Peripheral nerves are susceptible to mechanical compression, friction, and repeated tension [27]. If sufficient mechanical stimuli are exerted upon the nerve to cause damage; the damaged cells will release number of chemical agents, including bradykinin, histamine and prostaglandins. These chemical agents are capable of directly stimulating the nociceptors found within the connective tissue layers of the nerve [28]. Compression can also result in structural damage, blockage of axoplasmic flow, and impairment of blood flow resulting in ischemia, all of which will result in altered function of the nerve [29-33]. In addition, chemicals released from non-neural tissues are capable of mediating an inflammatory response, stimulating nociceptors within the connective tissue of nerves [30]. Lateral elbow pain in some cases is related to compression of the radial nerve at the radial tunnel [34,35]. Nerve tension testing, which causes mechanical tension on a nerve is expected to increase pain from the nerve [36]. There is support for this concept immediately following neural tension, positioning in people without any pathology there is an increase in the threshold of sensory reception touch; and decreased threshold for pain [37]. David Butler described nerve tension testing positions and mobilization techniques for the nerves of the upper extremity [38].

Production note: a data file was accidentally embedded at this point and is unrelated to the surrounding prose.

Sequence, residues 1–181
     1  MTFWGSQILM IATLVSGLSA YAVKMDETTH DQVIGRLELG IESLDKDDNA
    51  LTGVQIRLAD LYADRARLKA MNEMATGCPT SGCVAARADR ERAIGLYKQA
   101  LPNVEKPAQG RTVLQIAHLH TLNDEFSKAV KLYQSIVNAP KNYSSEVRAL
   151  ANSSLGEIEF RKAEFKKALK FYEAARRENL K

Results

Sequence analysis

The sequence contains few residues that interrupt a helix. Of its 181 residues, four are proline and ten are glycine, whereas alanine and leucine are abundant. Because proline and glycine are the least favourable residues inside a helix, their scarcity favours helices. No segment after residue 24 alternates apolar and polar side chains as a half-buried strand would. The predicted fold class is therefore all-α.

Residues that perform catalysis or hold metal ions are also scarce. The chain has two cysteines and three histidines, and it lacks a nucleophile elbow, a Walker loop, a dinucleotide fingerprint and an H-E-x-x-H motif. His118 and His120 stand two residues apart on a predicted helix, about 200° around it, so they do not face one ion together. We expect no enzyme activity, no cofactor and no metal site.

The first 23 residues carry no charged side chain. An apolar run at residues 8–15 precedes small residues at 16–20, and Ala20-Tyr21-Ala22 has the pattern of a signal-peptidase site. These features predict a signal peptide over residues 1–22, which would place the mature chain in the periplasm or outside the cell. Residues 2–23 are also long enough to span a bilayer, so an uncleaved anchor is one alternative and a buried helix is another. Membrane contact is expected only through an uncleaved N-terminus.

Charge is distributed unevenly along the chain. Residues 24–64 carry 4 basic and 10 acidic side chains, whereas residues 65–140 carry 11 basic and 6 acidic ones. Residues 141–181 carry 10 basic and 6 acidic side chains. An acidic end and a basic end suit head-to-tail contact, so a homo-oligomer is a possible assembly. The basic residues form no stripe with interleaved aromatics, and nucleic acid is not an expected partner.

Techniques that restore the mobility of a nerve that has restricted longitudinal movement are often called “neural mobilization techniques” [24, 25]. When neural mobilization is used for treatment of adverse neural tension, the primary theoretical objective is to restore the dynamic balance between the relative movement of neural tissues and surrounding tissue interfaces. This will in turn reduce intrinsic pressure on neural tissues and promote optimum physiologic function [39]. Based on this premise for this intervention one might expect improved mobility of the nerve and visceral structures following neural mobilization. Hence, the purpose of this study is to analyze the short-term effect of radial nerve mobilization in reducing lateral elbow pain.